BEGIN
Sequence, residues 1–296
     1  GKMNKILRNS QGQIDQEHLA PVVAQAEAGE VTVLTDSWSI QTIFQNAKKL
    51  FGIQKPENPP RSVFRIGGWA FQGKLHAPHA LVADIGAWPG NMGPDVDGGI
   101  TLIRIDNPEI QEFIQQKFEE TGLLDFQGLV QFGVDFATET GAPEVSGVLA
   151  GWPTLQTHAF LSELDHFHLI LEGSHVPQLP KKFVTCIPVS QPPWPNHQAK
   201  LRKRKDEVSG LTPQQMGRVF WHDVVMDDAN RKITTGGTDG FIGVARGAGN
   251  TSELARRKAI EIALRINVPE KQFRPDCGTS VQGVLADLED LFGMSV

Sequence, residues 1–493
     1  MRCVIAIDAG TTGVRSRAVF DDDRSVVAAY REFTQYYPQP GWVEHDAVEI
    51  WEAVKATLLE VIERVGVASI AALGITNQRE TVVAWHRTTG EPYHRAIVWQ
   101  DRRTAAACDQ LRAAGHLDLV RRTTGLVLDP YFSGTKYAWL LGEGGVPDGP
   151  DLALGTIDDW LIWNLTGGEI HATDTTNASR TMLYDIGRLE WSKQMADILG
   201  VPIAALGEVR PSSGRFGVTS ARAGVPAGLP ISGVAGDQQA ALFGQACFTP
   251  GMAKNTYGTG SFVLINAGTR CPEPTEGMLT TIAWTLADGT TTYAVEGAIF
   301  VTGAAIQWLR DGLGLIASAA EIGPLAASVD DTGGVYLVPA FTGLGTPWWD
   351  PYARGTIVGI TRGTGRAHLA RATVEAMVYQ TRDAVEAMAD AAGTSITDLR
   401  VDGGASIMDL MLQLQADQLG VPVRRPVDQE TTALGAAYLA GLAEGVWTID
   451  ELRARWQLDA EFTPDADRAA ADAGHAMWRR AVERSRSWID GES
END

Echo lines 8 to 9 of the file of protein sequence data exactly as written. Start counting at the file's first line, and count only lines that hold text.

Sequence, residues 1–493
     1  MRCVIAIDAG TTGVRSRAVF DDDRSVVAAY REFTQYYPQP GWVEHDAVEI